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Face shields a potential alternative to masks, experts say

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Hundreds of millions of Americans heeded recent government advice and rushed to wear cloth face masks, hoping they might prevent transmission of the new coronavirus.

But there’s another option: The clear plastic face shield, already in use by many health care personnel.

Now, a team of experts say face shields might replace masks as a more comfortable and more effective deterrent to COVID-19.

“Face shields, which can be quickly and affordably produced and distributed, should be included as part of strategies to safely and significantly reduce transmission in the community setting,” said a trio of physicians from the University of Iowa.

Reporting in the April 29 Journal of the American Medical Association, experts led by Dr. Eli Perencevich, of the university’s department of internal medicine, and the Iowa City VA Health Care System, said the face shield’s moment may have come.

While the U.S. Centers for Disease Control and Prevention began advocating the use of cloth masks to help stop COVID-19 transmission in April, laboratory testing “suggests that cloth masks provide [only] some filtration of virus-sized aerosol particles.”

According to Perencevich’s group, “face shields may provide a better option.”

To be most effective in stopping viral spread, a face shield should extend to below the chin. It should also cover the ears and “there should be no exposed gap between the forehead and the shield’s headpiece,” the Iowa team members said.

Shields have a number of advantages over masks, they added. First of all, they are endlessly reusable, simply requiring cleaning with soap and water or common disinfectants. Shields are usually more comfortable to wear than masks, and they form a barrier that keeps people from easily touching their own faces.

When speaking, people sometimes pull down a mask to make things easier — but that isn’t necessary with a face shield. And “the use of a face shield is also a reminder to maintain social distancing, but allows visibility of facial expressions and lip movements for speech perception,” the authors pointed out.

And what about the ability of a face shield to prevent coronavirus transmission?

According to the Iowa team, large-scale studies haven’t yet been conducted. But “in a simulation study, face shields were shown to reduce immediate viral exposure by 96 percent when worn by a simulated health care worker within 18 inches of a cough.”

“When the study was repeated at the currently recommended physical distancing distance of 6 feet, face shields reduced inhaled virus by 92 percent,” the authors said.

No studies have yet been conducted to see how well face shields help keep exhaled or coughed virus from spreading outwards from an infected wearer, Perencevich and his colleagues said, and they hope that studies on that issue will be conducted.

And they stressed that face shields should only be one part of any infection control effort, along with social distancing and hand-washing.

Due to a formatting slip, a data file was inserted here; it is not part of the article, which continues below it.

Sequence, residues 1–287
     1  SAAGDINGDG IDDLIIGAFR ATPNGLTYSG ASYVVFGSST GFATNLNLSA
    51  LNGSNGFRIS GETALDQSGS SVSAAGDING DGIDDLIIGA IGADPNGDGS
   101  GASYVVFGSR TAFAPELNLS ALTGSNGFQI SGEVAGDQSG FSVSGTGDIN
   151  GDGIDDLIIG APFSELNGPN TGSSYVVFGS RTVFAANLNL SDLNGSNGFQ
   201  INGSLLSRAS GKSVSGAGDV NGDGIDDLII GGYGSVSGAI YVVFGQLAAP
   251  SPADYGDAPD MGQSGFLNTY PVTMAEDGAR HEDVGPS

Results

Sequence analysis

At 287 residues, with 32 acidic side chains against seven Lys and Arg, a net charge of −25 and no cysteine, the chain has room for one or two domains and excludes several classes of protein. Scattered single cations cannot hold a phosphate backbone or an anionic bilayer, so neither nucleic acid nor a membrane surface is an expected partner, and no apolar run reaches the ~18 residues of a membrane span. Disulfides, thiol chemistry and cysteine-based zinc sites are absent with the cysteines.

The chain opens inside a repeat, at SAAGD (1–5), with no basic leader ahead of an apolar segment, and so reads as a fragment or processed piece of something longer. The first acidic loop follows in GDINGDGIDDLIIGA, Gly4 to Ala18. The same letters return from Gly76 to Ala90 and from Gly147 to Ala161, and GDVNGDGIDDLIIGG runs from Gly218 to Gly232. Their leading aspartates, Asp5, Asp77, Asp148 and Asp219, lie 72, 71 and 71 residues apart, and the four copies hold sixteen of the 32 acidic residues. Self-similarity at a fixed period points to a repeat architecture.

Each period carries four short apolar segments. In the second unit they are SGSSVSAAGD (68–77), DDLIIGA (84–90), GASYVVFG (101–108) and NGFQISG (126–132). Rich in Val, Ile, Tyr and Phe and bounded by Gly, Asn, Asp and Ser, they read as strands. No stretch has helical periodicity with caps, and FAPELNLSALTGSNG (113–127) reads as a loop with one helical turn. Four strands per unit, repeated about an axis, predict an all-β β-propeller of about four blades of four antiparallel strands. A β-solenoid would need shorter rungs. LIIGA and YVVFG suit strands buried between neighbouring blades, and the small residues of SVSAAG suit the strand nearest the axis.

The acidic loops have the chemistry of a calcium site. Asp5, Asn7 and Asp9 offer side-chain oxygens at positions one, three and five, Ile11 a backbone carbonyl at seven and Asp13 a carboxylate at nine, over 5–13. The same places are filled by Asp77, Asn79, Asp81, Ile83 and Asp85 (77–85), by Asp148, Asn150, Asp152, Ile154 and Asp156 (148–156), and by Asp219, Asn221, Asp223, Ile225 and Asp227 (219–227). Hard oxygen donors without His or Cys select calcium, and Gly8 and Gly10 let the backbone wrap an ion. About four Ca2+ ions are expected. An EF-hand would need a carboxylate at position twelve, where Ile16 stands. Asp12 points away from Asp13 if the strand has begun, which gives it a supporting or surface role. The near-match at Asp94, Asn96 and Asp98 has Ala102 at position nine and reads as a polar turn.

There will never be any intervention — even a vaccine — that can guarantee 100 percent effectiveness against the coronavirus, the authors said, so face shields shouldn’t be held to that standard.

Dr. Robert Glatter is on the front lines of the COVID-19 pandemic in his role as emergency physician at Lenox Hill Hospital in New York City. Reading over the new report, he agreed that “common sense” measures are crucial in curbing infections.

“One approach that makes the most sense, especially in light of the limitations of face masks and face coverings, is the use of face shields,” Glatter said.

“While we don’t have hard trials or data on the efficacy of face shields at this time, early data from their use in patients with influenza [which is droplet-spread] is promising,” he noted. “What’s clear is that their success in hospital settings provides the basis for their utility in the community setting as we relax physical distancing going forward.”

More information

The U.S. Centers for Disease Control and Prevention has more on the new coronavirus.

Copyright 2020 HealthDay. All rights reserved.



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Healthy diet, exercise good for heart regardless of medication use

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No matter how many medications you take, eating a healthy diet, not smoking and getting plenty of exercise will help keep you alive, a new study finds.

“We’ve long known about the benefits of leading a healthy lifestyle. The results from our study underscore the importance of each person’s ability to improve their health through lifestyle changes even if they are dealing with multiple health issues and taking multiple prescription medications,” said researcher Neil Kelly. He’s a medical student at Weill Cornell Medicine of Cornell University in New York City.

For the study, Kelly’s team collected data on more than 20,000 people who took part in a study on racial differences in stroke.